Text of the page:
Ian Rogers’ Oceanic Update: Death, Draino, and More Death

First we had “This Place Is Death,” and Charlotte died.

Then we had “The Life and Death of Jeremy Bentham,” and Locke died.

And then last week, we had “Dead Is Dead,” a title that would suggest even more death, and no one died.

Yes, the writers of “Lost” continue to screw with us. And are you sensing a theme this season? Going in I thought it was “Destiny calls,” but clearly it’s “Blood for Islandula!” (That’s a reference to “Blood for Dracula,” btw… man, I hate explaining my jokes…)

I was tempted to come up with a funny fake title for another death-themed episode, but I don’t think you can top “Dead Is Dead.” Howsabout “The Death and Death of Deathy McDeathington”? No? Okay, back to the recap…

Jokes aside, I really enjoyed “Dead Is Dead.” I would even go so far as to say it’s tied “Namaste” as my favourite episode of the season. The Sawyer/Juliet hook-up is on the top of my list as coolest character-related plot twist. If Ben and Der Smoke Monster had gotten nice and cuddly, I might have seen my way to bumping it to the top spot, but that’s probably not going to happen. Not on goody-goody primetime TV anyway. If “Lost” aired on HBO, I think we could conceivably have seen the Smoke Monster get his own spin-off. I’m thinking “Sex and the Smoke Monster in the City.” He’s a shy, naïve smoke monster who moves to New York to take a job as a junior editor at a major publishing house, and he becomes overwhelmed by the fast-paced lifestyle, the club scene, and, of course, the ladies.

Okay, jokes aside for real now. I think Smokey deserves some serious props for this episode. Up until now, the only thing we really knew about the Monster was that it likes to chase people and taunt Mr. Eko. This was the first time we saw it as a true manifestation of the island, with feelings and motives of its own. Smokey seems set on making sure John Locke realizes his destiny as leader of the Others, and it will go so far as to “destroy” Ben Linus if he gets in the way. I wish I had someone like that getting my back when I was in high school. I would have spent much less time crammed inside my own locker.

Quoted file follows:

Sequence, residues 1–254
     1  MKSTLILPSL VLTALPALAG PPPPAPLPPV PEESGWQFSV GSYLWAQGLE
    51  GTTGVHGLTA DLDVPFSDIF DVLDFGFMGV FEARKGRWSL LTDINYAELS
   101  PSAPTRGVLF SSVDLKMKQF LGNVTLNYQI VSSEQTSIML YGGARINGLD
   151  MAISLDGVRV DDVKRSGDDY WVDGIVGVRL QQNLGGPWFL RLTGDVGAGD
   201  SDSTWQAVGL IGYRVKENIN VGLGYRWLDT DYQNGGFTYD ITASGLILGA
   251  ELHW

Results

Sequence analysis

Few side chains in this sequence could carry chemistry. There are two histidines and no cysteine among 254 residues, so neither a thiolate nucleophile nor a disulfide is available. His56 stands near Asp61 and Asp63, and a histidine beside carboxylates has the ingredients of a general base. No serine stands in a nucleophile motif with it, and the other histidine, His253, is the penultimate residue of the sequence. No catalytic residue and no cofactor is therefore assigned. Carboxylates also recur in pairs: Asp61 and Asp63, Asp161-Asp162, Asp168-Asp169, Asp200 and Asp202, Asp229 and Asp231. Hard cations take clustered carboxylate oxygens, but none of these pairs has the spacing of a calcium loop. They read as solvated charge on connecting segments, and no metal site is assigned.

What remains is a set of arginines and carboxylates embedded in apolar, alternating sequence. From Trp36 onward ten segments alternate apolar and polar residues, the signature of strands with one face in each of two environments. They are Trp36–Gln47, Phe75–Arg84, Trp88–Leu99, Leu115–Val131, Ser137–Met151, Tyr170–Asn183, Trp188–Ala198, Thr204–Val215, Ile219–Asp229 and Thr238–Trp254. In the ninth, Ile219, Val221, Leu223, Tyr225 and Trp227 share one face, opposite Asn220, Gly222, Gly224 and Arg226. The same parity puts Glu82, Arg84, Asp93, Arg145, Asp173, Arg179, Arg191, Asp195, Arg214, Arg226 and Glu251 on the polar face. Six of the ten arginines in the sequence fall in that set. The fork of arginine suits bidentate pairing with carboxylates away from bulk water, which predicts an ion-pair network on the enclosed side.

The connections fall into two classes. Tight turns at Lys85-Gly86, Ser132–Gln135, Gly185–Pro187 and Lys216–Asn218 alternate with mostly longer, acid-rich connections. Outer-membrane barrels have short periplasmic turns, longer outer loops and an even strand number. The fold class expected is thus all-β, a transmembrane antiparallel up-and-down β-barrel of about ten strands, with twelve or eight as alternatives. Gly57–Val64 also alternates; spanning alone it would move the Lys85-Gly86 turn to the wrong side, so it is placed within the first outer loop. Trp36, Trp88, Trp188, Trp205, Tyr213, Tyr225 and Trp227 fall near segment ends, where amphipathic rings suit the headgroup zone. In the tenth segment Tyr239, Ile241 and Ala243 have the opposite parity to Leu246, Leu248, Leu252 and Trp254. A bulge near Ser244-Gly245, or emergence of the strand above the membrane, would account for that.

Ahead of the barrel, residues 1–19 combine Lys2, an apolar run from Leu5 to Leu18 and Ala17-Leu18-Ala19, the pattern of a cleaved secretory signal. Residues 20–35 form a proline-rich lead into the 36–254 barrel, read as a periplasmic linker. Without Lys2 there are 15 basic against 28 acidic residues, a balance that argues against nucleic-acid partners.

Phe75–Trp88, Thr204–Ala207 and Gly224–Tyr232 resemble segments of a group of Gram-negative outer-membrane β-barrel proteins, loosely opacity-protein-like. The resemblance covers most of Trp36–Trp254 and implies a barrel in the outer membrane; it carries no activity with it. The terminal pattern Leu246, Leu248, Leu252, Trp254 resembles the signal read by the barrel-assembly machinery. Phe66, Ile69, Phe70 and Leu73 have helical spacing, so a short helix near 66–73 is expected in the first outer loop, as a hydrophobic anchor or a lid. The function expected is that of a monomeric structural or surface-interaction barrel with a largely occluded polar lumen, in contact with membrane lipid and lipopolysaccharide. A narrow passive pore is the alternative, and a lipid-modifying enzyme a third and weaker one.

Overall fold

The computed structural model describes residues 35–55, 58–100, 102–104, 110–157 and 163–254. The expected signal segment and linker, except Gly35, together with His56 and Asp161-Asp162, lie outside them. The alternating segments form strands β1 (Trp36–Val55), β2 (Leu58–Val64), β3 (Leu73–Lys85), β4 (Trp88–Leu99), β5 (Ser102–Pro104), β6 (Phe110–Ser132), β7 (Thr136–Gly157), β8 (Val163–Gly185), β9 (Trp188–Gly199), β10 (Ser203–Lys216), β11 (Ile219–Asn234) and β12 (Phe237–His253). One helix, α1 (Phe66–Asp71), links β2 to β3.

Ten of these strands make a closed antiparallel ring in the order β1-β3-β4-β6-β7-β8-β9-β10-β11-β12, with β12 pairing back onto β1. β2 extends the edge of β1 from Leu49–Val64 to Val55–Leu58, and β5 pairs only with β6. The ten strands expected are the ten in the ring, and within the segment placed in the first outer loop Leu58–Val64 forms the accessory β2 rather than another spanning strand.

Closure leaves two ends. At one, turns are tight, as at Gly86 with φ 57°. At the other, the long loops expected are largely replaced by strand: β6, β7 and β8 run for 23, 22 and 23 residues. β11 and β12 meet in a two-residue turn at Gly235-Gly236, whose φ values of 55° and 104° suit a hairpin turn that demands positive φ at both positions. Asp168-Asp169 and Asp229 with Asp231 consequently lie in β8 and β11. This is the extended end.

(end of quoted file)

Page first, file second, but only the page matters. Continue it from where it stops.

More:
By the way, am I the only one breathing a sigh of relief that Ben’s bloodied condition as he boarded the Ajira flight wasn’t as a result of him killing Penny Widmore? Obviously that’s what the writers wanted us to think, but seriously, I couldn’t see them killing her. Nicki and Paulo, yes. The woman who spent three years trying to find her man? Not bloody likely. Speaking of Desmond, I think he should have hung around after dumping Ben in the drink and maybe thrown some chum in the water. You know, draw in some sharks, let them snack on Ben, and then it’s See you in another life, brother.

One of the features of this season, and in this episode especially, is that we’re starting to get more and more of the Others’ back story. Again, we saw a younger version of Charles Widmore, one who looked like he walked out of “Braveheart.” We saw him meet Ben for the first time and later, after Ben refused to follow his orders to kill Rousseau, the first signs of their power struggle for leadership of the Others. We also saw Widmore’s exile from the island and an explanation of “the rules,” that Widmore was being kicked off for regularly leaving the island (but how? the Others didn’t have a sub until they took the one belonging to the Dharma Initiative?) and going so far as to have a child with an outsider (anyone want to place bets on the identity of Penny’s mom?). One thing I was curious about is why Widmore was exiled instead of killed. When Ben visits him in the future, he mentions that he can’t kill Widmore. At the time we assumed this had to do with the mysterious “rules,” but now I’m not so sure.

Ben confirmed that the whispers we’ve been hearing since the start of the show are indeed connected to the Others, telling Rousseau that if she wants her child to live, that every time she hears whispers she better run the other way. So was it a bluff or do the Others have a supernatural sound system set up across the island to keep people at a discreet distance? You decide.